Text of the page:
Greetings and salutations, fellow historio-medico aficionados, this is Kevin and welcome to CEPI Curiosities, a brand-new segment where we tackle the interesting and shocking of the history of medicine.
Whatever part of the political bench you sit on, it’s hard to avoid the early stages of the 2016 campaign on the news and in social media, so for our inaugural issue, why don’t we get Presidential?
To modern audiences, the only time Zachary Taylor’s name comes up is mostly trivia games or whenever someone is called upon to name all of the presidents. After a long career in military service (during the Mexican War he earned the nickname “Old Rough and Ready”) he had a largely unsung presidency, and he died in office on July 9, 1850, a mere fifteen months into his term. Contemporary doctors cited Taylor’s official cause of death as cholera morbus, a common diagnosis of the time for someone suffering from extreme abdominal cramps and diarrhea (The Historical Library of the College of Physicians has numerous 19th century works related to cholera morbus if you’d like to learn more). Reportedly Taylor succumbed to illness after an afternoon of cherries and iced milk in the blazing Washington sun. Following his death, his remains were eventually laid to rest at the Taylor family plantation in Louisville, KY (The site of his burial is now known as the Zachary Taylor National Cemetery).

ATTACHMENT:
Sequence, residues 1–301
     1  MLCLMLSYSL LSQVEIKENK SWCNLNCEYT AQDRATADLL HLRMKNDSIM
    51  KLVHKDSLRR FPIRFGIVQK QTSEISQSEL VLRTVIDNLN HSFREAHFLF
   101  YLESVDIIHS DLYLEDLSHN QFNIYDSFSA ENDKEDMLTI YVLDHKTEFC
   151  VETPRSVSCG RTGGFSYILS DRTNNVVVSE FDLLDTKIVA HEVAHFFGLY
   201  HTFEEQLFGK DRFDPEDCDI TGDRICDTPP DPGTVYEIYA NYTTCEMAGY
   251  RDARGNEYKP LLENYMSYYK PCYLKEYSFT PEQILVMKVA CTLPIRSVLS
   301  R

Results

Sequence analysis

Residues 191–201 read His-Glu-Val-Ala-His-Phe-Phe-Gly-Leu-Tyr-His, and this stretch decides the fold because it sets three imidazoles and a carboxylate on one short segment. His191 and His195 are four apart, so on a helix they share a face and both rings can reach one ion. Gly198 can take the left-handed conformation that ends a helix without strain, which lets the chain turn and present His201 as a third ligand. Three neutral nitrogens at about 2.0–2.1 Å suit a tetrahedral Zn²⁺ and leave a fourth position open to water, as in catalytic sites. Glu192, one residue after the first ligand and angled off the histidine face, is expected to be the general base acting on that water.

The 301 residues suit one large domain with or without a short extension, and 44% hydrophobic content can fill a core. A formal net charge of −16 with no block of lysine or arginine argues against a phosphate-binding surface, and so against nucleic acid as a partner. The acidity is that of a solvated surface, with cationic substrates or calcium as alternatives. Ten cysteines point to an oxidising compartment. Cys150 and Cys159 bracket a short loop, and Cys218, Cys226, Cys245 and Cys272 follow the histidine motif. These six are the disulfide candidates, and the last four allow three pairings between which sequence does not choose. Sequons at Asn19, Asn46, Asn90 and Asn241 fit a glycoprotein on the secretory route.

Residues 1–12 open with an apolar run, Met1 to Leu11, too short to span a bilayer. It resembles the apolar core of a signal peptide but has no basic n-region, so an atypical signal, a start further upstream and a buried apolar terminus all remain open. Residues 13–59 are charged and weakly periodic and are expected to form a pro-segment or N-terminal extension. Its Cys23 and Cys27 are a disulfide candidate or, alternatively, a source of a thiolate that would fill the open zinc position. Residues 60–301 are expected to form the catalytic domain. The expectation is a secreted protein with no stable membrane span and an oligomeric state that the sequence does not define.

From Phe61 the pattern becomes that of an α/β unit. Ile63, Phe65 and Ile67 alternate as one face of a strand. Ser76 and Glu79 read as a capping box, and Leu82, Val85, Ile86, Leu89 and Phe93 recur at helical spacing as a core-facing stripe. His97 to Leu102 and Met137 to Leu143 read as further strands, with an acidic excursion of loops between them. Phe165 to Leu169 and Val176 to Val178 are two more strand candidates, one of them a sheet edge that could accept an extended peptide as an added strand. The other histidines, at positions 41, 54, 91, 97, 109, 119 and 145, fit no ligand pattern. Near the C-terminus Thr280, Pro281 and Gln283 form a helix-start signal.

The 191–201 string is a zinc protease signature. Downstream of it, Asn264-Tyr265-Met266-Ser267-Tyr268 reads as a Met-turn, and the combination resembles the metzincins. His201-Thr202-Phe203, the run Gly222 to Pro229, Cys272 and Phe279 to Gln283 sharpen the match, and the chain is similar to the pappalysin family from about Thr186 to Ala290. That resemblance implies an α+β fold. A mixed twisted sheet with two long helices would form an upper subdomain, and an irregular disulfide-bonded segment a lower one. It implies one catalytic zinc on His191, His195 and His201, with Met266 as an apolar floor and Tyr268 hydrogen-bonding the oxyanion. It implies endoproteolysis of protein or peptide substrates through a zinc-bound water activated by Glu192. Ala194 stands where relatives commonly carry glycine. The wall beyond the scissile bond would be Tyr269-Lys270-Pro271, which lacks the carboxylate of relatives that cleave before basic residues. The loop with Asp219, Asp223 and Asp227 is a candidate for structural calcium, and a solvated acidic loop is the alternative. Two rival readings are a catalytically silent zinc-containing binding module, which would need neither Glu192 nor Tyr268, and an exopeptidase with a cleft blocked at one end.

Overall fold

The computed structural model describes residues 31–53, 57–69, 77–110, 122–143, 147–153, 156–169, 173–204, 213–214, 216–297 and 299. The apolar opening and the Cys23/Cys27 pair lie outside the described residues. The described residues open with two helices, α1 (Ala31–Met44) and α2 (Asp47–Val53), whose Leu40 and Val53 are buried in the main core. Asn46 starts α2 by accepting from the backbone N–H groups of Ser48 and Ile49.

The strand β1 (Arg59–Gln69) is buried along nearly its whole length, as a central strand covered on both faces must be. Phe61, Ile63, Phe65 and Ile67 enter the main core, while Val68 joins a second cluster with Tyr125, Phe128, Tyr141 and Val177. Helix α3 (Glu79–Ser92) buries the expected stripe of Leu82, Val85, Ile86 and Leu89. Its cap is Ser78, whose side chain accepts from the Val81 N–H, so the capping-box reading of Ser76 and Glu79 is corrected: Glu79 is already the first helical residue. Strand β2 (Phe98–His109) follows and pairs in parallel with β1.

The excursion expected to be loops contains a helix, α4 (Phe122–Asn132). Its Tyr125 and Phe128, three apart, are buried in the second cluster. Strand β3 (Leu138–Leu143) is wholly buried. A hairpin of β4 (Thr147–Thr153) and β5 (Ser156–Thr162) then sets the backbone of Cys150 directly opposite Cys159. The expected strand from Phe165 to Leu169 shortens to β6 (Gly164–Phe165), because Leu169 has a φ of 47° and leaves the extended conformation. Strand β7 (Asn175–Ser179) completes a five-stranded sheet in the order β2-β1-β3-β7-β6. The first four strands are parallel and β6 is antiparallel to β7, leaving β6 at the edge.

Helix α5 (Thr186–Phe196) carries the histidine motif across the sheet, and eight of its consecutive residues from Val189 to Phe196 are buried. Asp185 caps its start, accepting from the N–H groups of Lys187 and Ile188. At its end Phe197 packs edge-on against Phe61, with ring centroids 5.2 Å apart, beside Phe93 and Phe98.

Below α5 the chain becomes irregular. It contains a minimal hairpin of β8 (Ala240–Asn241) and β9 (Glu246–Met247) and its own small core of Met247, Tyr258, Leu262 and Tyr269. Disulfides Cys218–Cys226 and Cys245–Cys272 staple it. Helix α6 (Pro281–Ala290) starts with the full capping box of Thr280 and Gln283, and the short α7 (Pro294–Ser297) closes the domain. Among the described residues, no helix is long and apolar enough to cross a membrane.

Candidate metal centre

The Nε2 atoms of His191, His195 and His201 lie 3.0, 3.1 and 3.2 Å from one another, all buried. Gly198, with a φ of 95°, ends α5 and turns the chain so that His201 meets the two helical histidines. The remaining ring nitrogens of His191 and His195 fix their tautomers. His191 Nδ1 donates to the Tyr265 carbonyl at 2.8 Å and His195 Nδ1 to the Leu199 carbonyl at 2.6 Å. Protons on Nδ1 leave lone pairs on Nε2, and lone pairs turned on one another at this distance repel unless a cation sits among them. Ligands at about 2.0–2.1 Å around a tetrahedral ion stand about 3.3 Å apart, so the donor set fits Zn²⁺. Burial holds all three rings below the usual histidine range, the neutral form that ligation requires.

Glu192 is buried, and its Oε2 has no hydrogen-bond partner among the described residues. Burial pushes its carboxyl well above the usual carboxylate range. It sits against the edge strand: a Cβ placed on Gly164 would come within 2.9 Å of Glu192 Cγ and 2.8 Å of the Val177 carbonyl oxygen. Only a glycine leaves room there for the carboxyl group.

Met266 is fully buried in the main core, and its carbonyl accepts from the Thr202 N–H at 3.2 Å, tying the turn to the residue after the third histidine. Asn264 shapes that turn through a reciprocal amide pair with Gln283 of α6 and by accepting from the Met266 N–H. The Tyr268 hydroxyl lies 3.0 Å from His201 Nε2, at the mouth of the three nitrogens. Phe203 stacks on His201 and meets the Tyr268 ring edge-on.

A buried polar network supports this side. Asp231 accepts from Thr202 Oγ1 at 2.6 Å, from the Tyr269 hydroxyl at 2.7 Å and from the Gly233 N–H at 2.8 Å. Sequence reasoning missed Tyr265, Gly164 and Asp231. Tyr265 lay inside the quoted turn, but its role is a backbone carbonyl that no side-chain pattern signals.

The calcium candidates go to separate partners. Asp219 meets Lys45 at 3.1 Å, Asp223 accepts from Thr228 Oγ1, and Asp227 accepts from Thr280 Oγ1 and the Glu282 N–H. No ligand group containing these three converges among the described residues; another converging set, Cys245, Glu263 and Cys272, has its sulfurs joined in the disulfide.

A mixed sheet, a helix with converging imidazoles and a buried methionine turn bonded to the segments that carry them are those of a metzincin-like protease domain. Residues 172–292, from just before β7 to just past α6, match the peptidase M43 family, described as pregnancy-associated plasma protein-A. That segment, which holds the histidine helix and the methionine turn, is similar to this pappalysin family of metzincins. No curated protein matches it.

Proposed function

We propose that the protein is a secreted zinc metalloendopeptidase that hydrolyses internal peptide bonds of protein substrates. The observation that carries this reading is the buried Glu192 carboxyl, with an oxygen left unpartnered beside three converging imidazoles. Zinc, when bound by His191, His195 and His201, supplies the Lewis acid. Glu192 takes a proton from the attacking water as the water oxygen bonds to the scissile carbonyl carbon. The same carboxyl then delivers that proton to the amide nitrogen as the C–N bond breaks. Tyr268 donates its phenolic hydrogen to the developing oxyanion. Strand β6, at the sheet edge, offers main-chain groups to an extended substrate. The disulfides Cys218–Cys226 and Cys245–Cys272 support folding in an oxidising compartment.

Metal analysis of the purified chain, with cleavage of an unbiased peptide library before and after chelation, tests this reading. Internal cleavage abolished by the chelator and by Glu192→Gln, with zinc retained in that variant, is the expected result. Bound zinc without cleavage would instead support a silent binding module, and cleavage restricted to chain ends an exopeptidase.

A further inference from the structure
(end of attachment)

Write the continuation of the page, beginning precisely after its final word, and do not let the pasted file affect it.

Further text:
However, historical novelist Clara Rising thought there was more to the story of Taylor’s death than a fateful altercation with contaminated food. While researching a book on the late President, Rising developed a more sinister cause of death: murder by arsenic poisoning.
Determined to get to the bottom of this, Rising managed to convince descendants of Taylor to agree to have his remains exhumed so they could be examined. On June 17, 1991, officials from the Louisville Medical Examiner’s Office disinterred Taylor’s body to test the late President for arsenic, even using a heavy saw to cut through Taylor’s metal sarcophagus in the process. After which they conducted a variety of tests, examining bone, hair, and teeth samples for the deadly metal.
Was Zachary Taylor murdered? Well if he was, according to medical examiners, it was not done with arsenic. According to Dr. Richard Greathouse, then Coroner of Jefferson County, KY, while Taylor’s remains contained trace amounts of lead, they were nowhere near the amounts needed to kill the President. Needless to say, Taylor’s remains were re-interred in Louisville and are still there to this day. Undeterred, Rising eventually self-published her work on the alleged murder of Taylor, The Taylor File: The Mysterious Death of a President, asserting her hypothesis and listing other poisons that may have been employed to dispatch “Old Rough and Ready.”